Jun 14, 2019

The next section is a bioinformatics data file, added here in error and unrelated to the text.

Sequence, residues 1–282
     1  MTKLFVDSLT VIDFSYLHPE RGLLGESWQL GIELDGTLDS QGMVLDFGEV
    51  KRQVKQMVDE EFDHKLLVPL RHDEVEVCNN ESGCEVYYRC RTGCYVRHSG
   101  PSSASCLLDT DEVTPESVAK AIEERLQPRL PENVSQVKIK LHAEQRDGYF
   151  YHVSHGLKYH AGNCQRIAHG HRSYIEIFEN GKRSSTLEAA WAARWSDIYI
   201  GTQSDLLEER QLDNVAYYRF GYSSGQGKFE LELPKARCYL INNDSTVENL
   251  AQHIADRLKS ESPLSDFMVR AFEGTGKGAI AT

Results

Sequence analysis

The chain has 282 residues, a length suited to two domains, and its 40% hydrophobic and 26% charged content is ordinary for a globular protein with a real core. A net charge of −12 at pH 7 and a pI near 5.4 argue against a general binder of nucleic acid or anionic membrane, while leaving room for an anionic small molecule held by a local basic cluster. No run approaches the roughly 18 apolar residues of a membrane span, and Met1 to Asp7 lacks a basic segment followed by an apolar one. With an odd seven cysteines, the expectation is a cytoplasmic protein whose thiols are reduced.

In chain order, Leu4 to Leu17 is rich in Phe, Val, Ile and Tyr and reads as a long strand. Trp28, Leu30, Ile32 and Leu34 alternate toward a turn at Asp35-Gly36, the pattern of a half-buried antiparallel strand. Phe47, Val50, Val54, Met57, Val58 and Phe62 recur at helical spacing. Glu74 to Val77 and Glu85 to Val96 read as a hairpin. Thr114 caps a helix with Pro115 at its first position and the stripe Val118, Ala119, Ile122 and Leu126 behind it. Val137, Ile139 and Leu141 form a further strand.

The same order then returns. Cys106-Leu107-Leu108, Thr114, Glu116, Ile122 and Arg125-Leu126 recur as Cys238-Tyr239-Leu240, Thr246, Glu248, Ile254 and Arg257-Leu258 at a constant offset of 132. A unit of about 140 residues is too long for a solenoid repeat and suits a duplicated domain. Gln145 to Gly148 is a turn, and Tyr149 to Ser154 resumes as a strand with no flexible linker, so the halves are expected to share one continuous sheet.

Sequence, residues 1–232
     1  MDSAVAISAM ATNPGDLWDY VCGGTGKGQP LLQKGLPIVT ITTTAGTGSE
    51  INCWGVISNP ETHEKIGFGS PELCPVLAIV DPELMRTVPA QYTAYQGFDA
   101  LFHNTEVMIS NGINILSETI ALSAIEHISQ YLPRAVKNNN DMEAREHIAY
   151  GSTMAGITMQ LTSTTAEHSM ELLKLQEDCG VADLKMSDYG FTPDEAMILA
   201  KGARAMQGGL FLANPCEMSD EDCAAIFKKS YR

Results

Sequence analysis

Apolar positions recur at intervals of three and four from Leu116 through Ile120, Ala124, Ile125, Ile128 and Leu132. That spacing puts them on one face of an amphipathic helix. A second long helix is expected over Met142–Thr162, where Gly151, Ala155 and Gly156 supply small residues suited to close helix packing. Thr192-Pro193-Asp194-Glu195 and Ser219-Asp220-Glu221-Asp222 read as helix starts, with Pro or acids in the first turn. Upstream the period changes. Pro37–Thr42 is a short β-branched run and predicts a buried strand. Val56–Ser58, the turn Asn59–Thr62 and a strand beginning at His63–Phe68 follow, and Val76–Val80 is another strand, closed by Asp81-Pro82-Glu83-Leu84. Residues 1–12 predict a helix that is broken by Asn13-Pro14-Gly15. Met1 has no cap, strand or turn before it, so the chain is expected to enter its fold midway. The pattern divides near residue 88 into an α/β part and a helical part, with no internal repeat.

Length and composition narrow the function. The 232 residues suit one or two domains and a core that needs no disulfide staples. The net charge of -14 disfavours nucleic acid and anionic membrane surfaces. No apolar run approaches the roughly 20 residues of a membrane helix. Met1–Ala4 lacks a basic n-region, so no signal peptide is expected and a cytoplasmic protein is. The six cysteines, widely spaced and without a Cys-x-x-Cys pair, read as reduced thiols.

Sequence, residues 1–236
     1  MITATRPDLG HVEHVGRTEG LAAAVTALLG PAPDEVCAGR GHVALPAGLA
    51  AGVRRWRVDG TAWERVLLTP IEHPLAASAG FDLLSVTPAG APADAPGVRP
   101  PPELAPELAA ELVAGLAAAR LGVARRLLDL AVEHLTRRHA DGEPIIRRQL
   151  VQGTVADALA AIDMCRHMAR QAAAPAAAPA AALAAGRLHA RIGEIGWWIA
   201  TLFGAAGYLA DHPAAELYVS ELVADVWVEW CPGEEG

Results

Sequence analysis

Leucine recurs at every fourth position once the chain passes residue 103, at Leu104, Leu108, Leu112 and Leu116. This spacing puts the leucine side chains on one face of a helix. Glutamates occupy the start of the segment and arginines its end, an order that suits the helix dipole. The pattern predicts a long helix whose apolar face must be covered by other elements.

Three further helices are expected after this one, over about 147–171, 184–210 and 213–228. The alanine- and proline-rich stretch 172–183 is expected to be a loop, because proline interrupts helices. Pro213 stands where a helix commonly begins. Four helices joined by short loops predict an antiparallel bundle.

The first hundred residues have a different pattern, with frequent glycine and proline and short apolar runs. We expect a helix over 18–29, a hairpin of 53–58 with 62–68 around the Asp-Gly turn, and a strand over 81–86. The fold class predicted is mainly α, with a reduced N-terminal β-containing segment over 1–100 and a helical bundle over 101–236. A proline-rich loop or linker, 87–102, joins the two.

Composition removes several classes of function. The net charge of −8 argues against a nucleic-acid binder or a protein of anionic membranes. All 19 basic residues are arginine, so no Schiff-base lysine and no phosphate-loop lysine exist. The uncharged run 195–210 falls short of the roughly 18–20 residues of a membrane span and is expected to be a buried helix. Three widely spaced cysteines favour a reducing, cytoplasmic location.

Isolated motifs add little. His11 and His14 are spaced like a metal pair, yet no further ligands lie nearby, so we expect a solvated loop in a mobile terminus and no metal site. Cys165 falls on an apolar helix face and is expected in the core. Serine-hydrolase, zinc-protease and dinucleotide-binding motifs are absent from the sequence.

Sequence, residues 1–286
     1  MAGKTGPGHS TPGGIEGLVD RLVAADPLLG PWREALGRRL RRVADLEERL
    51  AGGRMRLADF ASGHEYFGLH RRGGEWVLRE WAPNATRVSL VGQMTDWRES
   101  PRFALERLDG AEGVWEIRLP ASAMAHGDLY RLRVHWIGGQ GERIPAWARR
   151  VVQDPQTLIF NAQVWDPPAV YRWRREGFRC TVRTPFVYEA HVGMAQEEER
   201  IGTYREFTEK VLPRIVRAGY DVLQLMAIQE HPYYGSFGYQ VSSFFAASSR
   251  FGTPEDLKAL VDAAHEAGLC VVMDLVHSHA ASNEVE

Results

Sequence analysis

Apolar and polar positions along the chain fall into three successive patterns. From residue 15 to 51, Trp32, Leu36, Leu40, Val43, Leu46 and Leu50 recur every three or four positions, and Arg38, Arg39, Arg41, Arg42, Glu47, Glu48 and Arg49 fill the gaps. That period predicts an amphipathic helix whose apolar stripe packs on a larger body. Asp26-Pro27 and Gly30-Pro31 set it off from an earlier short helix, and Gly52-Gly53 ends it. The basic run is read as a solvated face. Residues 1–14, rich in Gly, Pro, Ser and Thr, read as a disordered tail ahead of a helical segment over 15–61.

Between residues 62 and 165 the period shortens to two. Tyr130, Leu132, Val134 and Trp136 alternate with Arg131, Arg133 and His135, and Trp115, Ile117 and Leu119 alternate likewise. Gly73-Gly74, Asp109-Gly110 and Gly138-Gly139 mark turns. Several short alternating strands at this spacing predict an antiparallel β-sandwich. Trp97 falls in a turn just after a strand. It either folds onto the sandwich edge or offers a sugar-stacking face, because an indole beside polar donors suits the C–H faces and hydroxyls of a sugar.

News